Lifestyle

I’m a doctor – here are 3 life choices that could put you at risk of diabetes

DIABETES is a common disease and is increasing worldwide.

It affects almost five million Britons, or one in 14 – and requires careful management to avoid additional problems.

Diabetes is a common condition and one expert has warned that there are some lifestyle factors that can affect it

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Diabetes is a common condition and one expert has warned that there are some lifestyle factors that can affect itPhoto credit: Getty

For some people, conditions like type 1 diabetes can run in families, making them difficult to avoid.

This burden of disease causes your sugar levels to get too high and you have to take daily insulin shots to keep them under control.

The NHS says it’s not linked to age or being overweight, which are the main causes of type 2 diabetes.

Experts have now warned there are lifestyle choices that could increase your risk of the condition.

Cases of diabetes have risen sharply in recent years, with type 2 accounting for about 90 percent of all cases.

The endocrinologist Dr. Minisha Sood said if you think you’re at risk of developing it, then there are three things in your life to consider.

These are:

  1. lack of exercise
  2. Poor diet
  3. Not getting enough sleep.

“Being sedentary and eating processed, high-calorie, low-nutrient foods can lead to diabetes,” she said.

Obesity or being overweight is known to be a risk, and these are conditions that can be the result of poor diet and lack of exercise.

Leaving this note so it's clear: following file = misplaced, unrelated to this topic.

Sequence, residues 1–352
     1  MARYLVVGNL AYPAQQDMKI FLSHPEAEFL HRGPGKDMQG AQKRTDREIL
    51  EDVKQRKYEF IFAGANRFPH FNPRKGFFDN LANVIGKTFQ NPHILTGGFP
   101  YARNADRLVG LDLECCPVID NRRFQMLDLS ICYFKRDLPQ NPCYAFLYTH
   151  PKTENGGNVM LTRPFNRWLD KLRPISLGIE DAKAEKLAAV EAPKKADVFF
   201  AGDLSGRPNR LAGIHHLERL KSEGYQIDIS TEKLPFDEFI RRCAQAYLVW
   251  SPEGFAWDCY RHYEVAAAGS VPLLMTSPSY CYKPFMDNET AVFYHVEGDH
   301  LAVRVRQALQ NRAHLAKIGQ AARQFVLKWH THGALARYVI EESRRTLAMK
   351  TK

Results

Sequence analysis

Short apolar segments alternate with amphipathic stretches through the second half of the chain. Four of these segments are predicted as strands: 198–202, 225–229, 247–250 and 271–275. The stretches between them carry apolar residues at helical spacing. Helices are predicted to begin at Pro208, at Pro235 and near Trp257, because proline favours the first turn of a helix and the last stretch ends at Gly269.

Angela Ginn-Meadow, a diabetes educator at Maryland Medical Center, added that sitting for more than 10 hours a day can increase your risk of metabolic disease.

“One metabolic condition is insulin resistance that can lead to type 2 diabetes. A sedentary or inactive lifestyle can increase the risk of diabetes. Physical activity is one way to prevent type 2 diabetes.”

dr Sood told EatThis, NotThat that it’s also known that people who don’t get enough sleep (eg, shift workers and others with insomnia) are more likely to develop diabetes.

A previous study found that people who sleep less than six hours a night have a higher risk of developing the condition.

Researchers at the University of Bristol have found that those who have trouble napping have higher blood sugar levels.

The study, published in Diabetes Care, says treating insomnia could trigger a drop in blood sugar levels.

Lead researcher James Liu said: “We estimated that an effective insomnia treatment could result in a greater reduction in glucose levels than an equivalent intervention that reduces body weight by 14 kg in an average height person.

“This means around 27,300 UK adults aged 40-70 with common symptoms of insomnia would be diabetes-free if their insomnia was treated.”

If you think you may have diabetes, there are some important signs to look out for.

These include urinating more than usual, feeling constantly thirsty, severe tiredness, unintentional weight loss, blurred vision, and wounds that take longer than usual to heal.

You should see your GP if you are concerned as you may need medication to treat the condition.

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https://www.thesun.ie/health/8768301/doctor-life-choices-at-risk-diabetes/ I’m a doctor – here are 3 life choices that could put you at risk of diabetes

Fry Electronics Team

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